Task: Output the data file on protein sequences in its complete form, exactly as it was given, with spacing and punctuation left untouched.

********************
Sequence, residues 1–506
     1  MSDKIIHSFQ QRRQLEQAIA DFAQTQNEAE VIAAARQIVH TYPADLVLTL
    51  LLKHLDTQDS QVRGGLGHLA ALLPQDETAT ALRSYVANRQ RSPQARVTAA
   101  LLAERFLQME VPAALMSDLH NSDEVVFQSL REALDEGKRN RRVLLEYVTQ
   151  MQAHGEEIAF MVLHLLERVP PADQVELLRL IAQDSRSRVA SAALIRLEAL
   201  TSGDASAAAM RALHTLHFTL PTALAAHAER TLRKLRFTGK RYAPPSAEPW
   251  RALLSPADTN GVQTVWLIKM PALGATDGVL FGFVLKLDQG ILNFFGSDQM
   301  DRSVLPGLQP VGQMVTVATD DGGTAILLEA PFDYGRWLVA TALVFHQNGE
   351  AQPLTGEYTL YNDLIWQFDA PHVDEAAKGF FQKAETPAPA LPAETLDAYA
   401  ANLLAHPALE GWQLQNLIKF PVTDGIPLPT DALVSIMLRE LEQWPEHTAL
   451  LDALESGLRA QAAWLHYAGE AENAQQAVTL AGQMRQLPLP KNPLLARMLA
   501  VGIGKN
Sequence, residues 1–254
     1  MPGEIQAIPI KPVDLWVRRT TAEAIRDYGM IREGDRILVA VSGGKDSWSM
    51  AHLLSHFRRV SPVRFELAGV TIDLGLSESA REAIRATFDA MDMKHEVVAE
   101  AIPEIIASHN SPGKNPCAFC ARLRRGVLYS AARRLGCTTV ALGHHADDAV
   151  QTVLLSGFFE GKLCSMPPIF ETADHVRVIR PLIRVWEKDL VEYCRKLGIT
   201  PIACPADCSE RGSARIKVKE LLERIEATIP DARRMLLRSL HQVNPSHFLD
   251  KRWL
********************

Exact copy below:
Sequence, residues 1–506
     1  MSDKIIHSFQ QRRQLEQAIA DFAQTQNEAE VIAAARQIVH TYPADLVLTL
    51  LLKHLDTQDS QVRGGLGHLA ALLPQDETAT ALRSYVANRQ RSPQARVTAA
   101  LLAERFLQME VPAALMSDLH NSDEVVFQSL REALDEGKRN RRVLLEYVTQ
   151  MQAHGEEIAF MVLHLLERVP PADQVELLRL IAQDSRSRVA SAALIRLEAL
   201  TSGDASAAAM RALHTLHFTL PTALAAHAER TLRKLRFTGK RYAPPSAEPW
   251  RALLSPADTN GVQTVWLIKM PALGATDGVL FGFVLKLDQG ILNFFGSDQM
   301  DRSVLPGLQP VGQMVTVATD DGGTAILLEA PFDYGRWLVA TALVFHQNGE
   351  AQPLTGEYTL YNDLIWQFDA PHVDEAAKGF FQKAETPAPA LPAETLDAYA
   401  ANLLAHPALE GWQLQNLIKF PVTDGIPLPT DALVSIMLRE LEQWPEHTAL
   451  LDALESGLRA QAAWLHYAGE AENAQQAVTL AGQMRQLPLP KNPLLARMLA
   501  VGIGKN
Sequence, residues 1–254
     1  MPGEIQAIPI KPVDLWVRRT TAEAIRDYGM IREGDRILVA VSGGKDSWSM
    51  AHLLSHFRRV SPVRFELAGV TIDLGLSESA REAIRATFDA MDMKHEVVAE
   101  AIPEIIASHN SPGKNPCAFC ARLRRGVLYS AARRLGCTTV ALGHHADDAV
   151  QTVLLSGFFE GKLCSMPPIF ETADHVRVIR PLIRVWEKDL VEYCRKLGIT
   201  PIACPADCSE RGSARIKVKE LLERIEATIP DARRMLLRSL HQVNPSHFLD
   251  KRWL